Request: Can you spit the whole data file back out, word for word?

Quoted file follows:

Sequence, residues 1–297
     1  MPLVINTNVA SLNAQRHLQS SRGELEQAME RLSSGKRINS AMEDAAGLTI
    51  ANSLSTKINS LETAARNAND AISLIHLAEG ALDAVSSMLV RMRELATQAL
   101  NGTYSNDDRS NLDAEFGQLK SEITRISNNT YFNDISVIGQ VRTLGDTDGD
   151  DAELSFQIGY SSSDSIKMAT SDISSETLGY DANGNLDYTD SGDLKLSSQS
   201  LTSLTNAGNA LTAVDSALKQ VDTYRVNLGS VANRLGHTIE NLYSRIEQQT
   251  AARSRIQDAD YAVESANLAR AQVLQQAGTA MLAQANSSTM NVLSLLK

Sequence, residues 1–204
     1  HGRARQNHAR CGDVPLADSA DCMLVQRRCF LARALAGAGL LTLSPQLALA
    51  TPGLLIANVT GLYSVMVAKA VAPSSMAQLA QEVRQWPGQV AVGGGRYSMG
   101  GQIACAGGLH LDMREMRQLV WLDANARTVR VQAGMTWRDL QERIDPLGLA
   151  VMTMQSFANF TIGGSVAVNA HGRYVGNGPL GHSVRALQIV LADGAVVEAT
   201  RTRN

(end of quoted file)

Sequence, residues 1–297
     1  MPLVINTNVA SLNAQRHLQS SRGELEQAME RLSSGKRINS AMEDAAGLTI
    51  ANSLSTKINS LETAARNAND AISLIHLAEG ALDAVSSMLV RMRELATQAL
   101  NGTYSNDDRS NLDAEFGQLK SEITRISNNT YFNDISVIGQ VRTLGDTDGD
   151  DAELSFQIGY SSSDSIKMAT SDISSETLGY DANGNLDYTD SGDLKLSSQS
   201  LTSLTNAGNA LTAVDSALKQ VDTYRVNLGS VANRLGHTIE NLYSRIEQQT
   251  AARSRIQDAD YAVESANLAR AQVLQQAGTA MLAQANSSTM NVLSLLK

Sequence, residues 1–204
     1  HGRARQNHAR CGDVPLADSA DCMLVQRRCF LARALAGAGL LTLSPQLALA
    51  TPGLLIANVT GLYSVMVAKA VAPSSMAQLA QEVRQWPGQV AVGGGRYSMG
   101  GQIACAGGLH LDMREMRQLV WLDANARTVR VQAGMTWRDL QERIDPLGLA
   151  VMTMQSFANF TIGGSVAVNA HGRYVGNGPL GHSVRALQIV LADGAVVEAT
   201  RTRN